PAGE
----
Two partners will have equal representation in the management of the new company, Thyssenkrupp Tata Steel BV, which will become the second largest steel player in Europe after ArcelorMittal, with Euro 17 billion in sales and 21 million tonnes in shipments.

The European steel industry felt the biggest shake-up in more than a decade, as India's Tata Steel Ltd Germany's ThyssenKrupp signed a final agreement today to establish a long-expected steel joint venture.

Thyssenkrupp's logo is seen close to the elevator test tower in Rottweil, Germany, September 25, 2017.

"We remain fully committed to the long-term interest of the joint venture company", Chandrasekaran said.

The deal was a "strong answer to the challenges in the steel market", and would create €5 billion in additional value for both the companies, the two steelmakers said in a joint statement.

Both the steel giant reached to an agreement after months of hectic negotiations since an initial agreement was announced in September a year ago.

Since tariffs were announced in late May, shares in European steelmakers ArcelorMittal, Thyssenkrupp, Salzgitter (SZGG.DE) and Voestalpine (VOES.VI) have lost 8 to 17 percent.

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Thyssenkrupp chief executive Heinrich Hiesinger has previously said the two companies needed to consolidate and become more efficient because of increasing pressure from imports and an overcapacity within the industry.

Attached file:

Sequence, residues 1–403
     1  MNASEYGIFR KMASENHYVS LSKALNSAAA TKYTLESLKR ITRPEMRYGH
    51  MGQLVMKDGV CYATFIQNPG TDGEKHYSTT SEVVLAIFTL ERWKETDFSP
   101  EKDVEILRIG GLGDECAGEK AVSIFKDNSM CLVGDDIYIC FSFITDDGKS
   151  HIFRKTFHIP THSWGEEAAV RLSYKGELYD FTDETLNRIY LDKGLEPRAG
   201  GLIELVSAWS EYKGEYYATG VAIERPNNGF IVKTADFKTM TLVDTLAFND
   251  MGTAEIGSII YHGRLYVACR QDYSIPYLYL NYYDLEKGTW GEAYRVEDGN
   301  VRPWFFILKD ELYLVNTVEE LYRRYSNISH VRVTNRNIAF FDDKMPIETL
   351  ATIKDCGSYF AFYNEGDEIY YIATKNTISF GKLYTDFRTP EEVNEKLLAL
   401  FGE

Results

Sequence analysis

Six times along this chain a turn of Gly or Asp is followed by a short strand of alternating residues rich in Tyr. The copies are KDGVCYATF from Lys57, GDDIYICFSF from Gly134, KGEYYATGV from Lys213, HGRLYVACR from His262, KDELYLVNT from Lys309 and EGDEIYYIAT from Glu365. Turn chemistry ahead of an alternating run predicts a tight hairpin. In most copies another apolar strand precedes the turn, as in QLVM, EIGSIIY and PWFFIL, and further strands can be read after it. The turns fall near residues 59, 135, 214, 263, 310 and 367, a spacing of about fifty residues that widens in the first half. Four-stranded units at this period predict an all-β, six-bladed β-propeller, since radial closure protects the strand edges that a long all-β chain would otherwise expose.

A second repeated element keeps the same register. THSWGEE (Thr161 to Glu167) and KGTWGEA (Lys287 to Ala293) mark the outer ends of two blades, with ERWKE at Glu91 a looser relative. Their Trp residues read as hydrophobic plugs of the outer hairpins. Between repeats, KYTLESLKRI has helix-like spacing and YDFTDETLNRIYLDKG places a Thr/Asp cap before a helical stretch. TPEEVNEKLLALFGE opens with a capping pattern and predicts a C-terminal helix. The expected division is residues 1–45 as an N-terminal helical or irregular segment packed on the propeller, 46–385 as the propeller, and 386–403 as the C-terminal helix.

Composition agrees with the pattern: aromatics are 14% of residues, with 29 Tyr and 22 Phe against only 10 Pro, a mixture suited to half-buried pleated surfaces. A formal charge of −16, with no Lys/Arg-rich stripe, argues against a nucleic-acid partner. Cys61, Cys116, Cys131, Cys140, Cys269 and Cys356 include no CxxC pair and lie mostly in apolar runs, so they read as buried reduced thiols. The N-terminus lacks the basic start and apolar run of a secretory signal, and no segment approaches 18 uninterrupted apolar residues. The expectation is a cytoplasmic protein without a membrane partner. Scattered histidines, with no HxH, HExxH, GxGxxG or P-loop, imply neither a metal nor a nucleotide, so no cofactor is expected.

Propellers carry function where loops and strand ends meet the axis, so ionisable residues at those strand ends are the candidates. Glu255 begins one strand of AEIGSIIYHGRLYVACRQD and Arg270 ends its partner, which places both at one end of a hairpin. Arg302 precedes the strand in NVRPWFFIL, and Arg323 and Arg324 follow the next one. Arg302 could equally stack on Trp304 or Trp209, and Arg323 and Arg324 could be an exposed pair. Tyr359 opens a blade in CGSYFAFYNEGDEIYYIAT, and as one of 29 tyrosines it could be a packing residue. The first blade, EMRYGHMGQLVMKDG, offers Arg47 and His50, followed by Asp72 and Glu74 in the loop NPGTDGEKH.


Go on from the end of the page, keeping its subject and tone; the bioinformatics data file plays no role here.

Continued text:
Under the agreement signed Saturday, each company will hold a 50 per cent stake in the Netherlands-based joint venture called Thyssenkrupp Tata Steel B.V. Thyssenkrupp said it bagged the right to choose when to make a listing.

"The JV not only addresses the challenges of the European steel industry..."

The German group also said it now expects annual synergies of 400 million to 500 million euros from the transaction.

T.V. Narendran, managing director of Tata Steel, said a third of the benefit would come from procurement and one-fifth from network optimisation.

The India-owned steel-maker made headlines in 2016 when it put up its entire United Kingdom operations for sale as the industry began to deteriorate, prompting protests from workers' unions asking to safeguard the jobs of United Kingdom steel workers.